Capital Raising: Online Matching

Online Matching is now a very popular way for capital raising in Canada and the United States ‘” it can help you to find investors that traditional ways can not find sometimes.

The Internet promises to open new vistas in the bargain-demolishing old and inefficient ways of doing business that historically have excluded little guys from seeking capital. Its charms were, therefore, apparent to those who had been appalled at the inefficiency of the private markets at the early stage. The result has been a spurt in the number of so-called matching services.

The more prominent matching services are, as one can imagine, the ones that use the Internet as their medium of exchange, either in whole or in part. Unfortunately, no authoritative list of matching services exists.

A variety of matching services currently offer their services online. More are springing up (and more are disappearing, for that matter) with each passing day. But, before discovering who all these services are, and how to contact them to get your piece of the capital pie, first take a look at what online matching services can do for you.

Garage Technology Ventures ( ‘” founded by Guy Kawasaki of Apple Computer fame ‘” is perhaps the most well-known of this crop of online matching services.

The services it offers to the companies that it works with are quite extensive, and they’re indicative of the kinds of services that other online matching services offer. They provide

  • Access to capital. Garage Technology Ventures matches mostly angel investors with high-tech start-ups looking for initial financing in the range of $2 million to $5 million.
  • Strategic and operational guidance. Garage Technology Ventures helps companies refine their business plans and recruit talented executives and technical help. Garage Technology Ventures also provides referrals to experienced professional advisors such as lawyers and accountants.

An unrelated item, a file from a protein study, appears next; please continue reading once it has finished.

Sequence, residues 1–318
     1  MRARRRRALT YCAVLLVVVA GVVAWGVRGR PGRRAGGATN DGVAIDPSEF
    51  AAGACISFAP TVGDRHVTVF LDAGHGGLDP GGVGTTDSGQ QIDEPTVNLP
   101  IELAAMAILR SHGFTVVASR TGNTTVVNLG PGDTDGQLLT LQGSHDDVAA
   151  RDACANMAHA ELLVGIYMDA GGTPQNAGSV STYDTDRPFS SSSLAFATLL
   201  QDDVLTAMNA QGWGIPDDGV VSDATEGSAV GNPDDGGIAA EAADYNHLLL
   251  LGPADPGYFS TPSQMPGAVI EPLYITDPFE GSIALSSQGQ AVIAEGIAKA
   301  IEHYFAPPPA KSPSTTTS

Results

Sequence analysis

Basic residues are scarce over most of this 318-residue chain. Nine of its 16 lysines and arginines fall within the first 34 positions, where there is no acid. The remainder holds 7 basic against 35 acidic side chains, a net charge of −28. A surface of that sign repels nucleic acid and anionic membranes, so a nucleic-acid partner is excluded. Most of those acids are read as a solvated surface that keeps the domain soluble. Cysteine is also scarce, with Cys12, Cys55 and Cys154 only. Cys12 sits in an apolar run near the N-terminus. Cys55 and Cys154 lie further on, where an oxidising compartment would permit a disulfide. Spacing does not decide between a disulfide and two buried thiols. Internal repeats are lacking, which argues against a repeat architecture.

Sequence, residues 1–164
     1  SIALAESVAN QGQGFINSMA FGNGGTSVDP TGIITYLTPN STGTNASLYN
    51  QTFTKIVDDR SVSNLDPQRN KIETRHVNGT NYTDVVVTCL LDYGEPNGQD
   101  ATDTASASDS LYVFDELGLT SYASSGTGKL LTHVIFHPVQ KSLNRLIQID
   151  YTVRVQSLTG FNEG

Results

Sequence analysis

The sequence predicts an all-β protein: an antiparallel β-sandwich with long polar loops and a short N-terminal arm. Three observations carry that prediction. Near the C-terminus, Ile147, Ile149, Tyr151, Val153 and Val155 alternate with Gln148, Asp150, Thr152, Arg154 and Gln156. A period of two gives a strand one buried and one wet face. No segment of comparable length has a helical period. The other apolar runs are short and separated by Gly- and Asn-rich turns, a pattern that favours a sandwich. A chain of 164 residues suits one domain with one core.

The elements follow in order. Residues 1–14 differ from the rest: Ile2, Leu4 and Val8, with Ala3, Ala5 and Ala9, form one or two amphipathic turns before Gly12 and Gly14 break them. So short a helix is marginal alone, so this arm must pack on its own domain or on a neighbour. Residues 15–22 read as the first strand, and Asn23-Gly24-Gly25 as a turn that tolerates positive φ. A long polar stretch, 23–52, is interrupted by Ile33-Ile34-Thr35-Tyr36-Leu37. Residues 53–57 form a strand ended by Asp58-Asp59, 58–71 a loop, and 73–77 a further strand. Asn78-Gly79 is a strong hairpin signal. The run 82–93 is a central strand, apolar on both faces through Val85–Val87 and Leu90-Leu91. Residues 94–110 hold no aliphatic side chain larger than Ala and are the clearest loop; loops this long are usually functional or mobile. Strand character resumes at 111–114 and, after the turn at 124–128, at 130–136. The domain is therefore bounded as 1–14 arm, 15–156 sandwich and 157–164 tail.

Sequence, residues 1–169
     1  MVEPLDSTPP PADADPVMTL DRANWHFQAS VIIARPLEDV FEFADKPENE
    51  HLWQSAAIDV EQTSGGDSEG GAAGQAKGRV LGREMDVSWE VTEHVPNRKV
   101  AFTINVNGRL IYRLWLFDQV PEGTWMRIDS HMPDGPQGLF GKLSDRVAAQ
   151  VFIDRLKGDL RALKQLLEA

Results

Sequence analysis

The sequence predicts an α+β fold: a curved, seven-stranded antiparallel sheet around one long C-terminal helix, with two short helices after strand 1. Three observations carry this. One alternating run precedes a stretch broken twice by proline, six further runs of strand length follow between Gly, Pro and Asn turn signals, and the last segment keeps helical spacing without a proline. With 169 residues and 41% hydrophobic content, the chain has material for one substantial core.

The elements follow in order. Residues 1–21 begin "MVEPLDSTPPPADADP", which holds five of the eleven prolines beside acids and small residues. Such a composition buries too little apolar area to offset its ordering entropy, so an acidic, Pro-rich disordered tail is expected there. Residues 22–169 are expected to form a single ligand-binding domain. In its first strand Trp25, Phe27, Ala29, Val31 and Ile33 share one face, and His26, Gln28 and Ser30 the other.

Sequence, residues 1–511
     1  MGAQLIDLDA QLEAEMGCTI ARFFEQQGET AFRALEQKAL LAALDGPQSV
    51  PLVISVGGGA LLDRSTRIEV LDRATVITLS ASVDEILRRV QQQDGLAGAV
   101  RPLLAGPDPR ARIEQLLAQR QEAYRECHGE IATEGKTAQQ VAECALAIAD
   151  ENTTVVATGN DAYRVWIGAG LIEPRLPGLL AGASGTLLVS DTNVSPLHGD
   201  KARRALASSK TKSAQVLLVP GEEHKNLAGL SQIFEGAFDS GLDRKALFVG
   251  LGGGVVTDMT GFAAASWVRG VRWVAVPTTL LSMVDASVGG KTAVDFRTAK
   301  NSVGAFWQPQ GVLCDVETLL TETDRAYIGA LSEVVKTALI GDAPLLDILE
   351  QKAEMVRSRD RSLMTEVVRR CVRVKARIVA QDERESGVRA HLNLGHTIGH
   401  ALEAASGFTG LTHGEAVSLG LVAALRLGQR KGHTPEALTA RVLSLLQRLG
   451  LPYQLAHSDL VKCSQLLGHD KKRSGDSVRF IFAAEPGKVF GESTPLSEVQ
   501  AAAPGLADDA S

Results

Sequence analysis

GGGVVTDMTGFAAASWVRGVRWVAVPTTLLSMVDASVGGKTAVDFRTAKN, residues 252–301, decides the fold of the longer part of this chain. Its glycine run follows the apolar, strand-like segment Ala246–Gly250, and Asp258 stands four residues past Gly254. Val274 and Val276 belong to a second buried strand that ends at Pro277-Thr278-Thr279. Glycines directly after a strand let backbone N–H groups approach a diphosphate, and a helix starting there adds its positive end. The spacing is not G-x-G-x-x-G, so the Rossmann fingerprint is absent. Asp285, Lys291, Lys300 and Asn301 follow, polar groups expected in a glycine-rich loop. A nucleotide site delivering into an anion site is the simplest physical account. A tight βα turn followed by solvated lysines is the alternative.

• Training in making effective pitches. Garage Technology Ventures teaches its clients how to make effective pitches to potential investors, and how best to communicate their investment opportunities.
  • Marketing and public relations advice. Garage Technology Ventures works closely with its clients to create effective marketing strategies and comprehensive public relations campaigns ‘” the kind that attract investors and their capital.
  • Forums. Garage Technology Ventures sponsors forums at which companies and investors can meet offline ‘” face-to-face ‘” to get to know one another and trade information about business opportunities. Events such as showcase breakfasts enable member companies to pitch their businesses to a variety of venture capital, corporate, and angel

Keep in mind that each online matching service varies in the services that it offers to firms seeking capital and in the clients that it serves. Before you settle on one particular matching service, be sure to check out several to see which can best meet your needs.

Just like almost everything else in life and in business, the world of online matching services has its good and bad points. Be sure to give serious consideration to both before you dive in.

Good news: The good news, of course, is obvious. If the matching service model works, either as it currently is formulated or as it morphs with a changing economy, based on practical experience, the activity at this critical stage in the emerging growth/entrepreneurial sector will necessarily increase and, it is hoped, prosper. Good deals will get done, bad deals will lose their allure, and the economy of this country will be significantly advantaged.

Bad news: Several of the services that came into being on the theory of matching angels with entrepreneurs have, either by accident or design, climbed up the food chain, so to speak, and are posting deals that are now more VC-versus-angel oriented.